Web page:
Christmas; it’s the most wonderful time of the year, but it can also be the most terrifying for our environment. More waste is produced at Christmas than at any other time of the year and people are still generally quite mystified by the big real vs. artificial Christmas tree debate. That is why Tiger Sheds have brought you our definitive guide to having a greener Christmas, hopefully some of our hints and tips will help to guide you into the new year feeling more eco-friendly and clued up about how to handle the Christmas period with much greener fingers!
Research has found that only 1 in 5 people now buy a real Christmas tree over the festive period. This means that more and more people are migrating towards bringing artificial Christmas trees in their homes. Although there are many common advantages of artificial Christmas trees, such as cost and convenience, people are generally mistaken in assuming that artificial trees are better for the environment than real ones. We have spoken to Harry Brightwell, secretary of the Christmas Tree Growers Association, who has explained why real Christmas trees are more eco friendly than their artificial counterparts:
“I would say that buying a real tree is a much better choice to protect the environment. Studies suggest that a real tree is five times more environmentally friendly than an artificial tree. One reason for this is that Christmas trees improve air quality. Every acre of Christmas trees grown produces the daily oxygen for 16 people and a hectare absorbs six tonnes of carbon dioxide each year. The trees also have a positive effect on the environment in terms of helping to stabilise soils and protect water supplies.
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Most artificial trees are made of metal and plastics, typically PVC, and are non-bio-degradable. Considering most of these trees are manufactured in the Far East, transporting them to the UK adds to the trees’ carbon footprint. Studies have shown that an artificial tree has three times more impact on climate change and source depletion, compared to a natural tree. Some research suggests that to reduce this overall impact and redress the balance, an artificial tree would need to be used for almost 20 years.”
So, in order to have a ‘green’ Christmas, it would seem that a real tree is definitely the way to go. The next question, then, is what kind of tree to go for. It is most commonly considered that there are two kinds of tree available; live and cut:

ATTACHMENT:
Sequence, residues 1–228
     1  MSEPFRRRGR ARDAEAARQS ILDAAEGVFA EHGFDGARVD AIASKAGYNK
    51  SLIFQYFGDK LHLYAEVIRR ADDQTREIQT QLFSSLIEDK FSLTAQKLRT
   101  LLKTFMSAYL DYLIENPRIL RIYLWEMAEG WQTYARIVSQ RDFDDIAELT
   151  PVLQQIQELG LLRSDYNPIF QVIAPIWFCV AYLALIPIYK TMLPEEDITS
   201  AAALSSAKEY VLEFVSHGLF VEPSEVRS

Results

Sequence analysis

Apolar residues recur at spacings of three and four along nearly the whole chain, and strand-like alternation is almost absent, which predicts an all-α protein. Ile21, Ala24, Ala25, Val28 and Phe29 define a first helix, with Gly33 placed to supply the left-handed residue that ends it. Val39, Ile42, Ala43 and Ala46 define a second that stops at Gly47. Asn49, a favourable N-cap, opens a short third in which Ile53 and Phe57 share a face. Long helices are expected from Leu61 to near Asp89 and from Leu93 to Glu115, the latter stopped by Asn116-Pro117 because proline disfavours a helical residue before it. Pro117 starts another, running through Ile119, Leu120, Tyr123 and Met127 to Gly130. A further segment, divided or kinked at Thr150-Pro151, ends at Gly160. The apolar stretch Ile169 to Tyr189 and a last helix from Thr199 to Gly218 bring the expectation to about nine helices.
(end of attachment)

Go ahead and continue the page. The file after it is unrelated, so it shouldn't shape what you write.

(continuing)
· Live Trees – These are trees which are generally considered to be ideal for the eco enthusiasts among us. These are Christmas trees which generally have their roots still intact so that after enjoying the tree over Christmas, it can be re-planted in the garden.
· Cut Trees – Cut trees are those most commonly found in the home at Christmas, Harry Bigwell advises that “when a ‘cut’ tree is taken home it is important to keep it well watered, in the same way as you would care for cut flowers”.
It is definitely suggested that whatever route you go down, you must ensure that the tree you purchase is sustainable in order for it to be friendly to the environment. Sustainable nurseries should follow the practise that a new tree should be planted for every one which is harvested; this keeps the life cycle going and ensures that we are replenishing the damage done to trees of this type each year. Most businesses should have sustainability written into their plan, however, if they don’t it is suggested that these companies be avoided at all cost.
Alternatively, you can always rent a tree.
Christmas decorations are manufactured year after year in high volumes and are made from unrecyclable plastics, metals and materials meaning that they don’t exactly have the ‘eco’ stamp of approval. They also pose other dangers; take tinsel for instance, this traditional Christmas decoration has the tendency to shed which leaves waste on the floor and can be very harmful to small animals if carried outside. Although the Christmas decorations in the loft which you use year in, year out won’t pose any extra damage to the environment, here are a few tips for making future decorations a bit friendlier to the environment:
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· Use natural decor - Instead of cluttering up your home with plastic Christmas decorations, try using natural artefacts on your mantle piece. Nuts, fruit and pine cones make excellent traditional decorations and provide great colours for the home. The most obvious one to use is holly, which is a symbol of Christmas and wonderful natural plant. Just be careful not to put holly within the reach of children as its spiky nature could cause little accidents. See here for some great homemade Christmas decoration inspiration using natural ingredients.
· Buy second hand – If getting creative with natural Christmas decorations isn’t really your thing then instead of buying new decorations and contributing to the damage that they cause, why not source some second hand? Charity shops and car boot sales are a haven for lovely antique decorations at a fraction of the cost of new ones. Pre-loved decorations also have character and will look really traditional on the tree.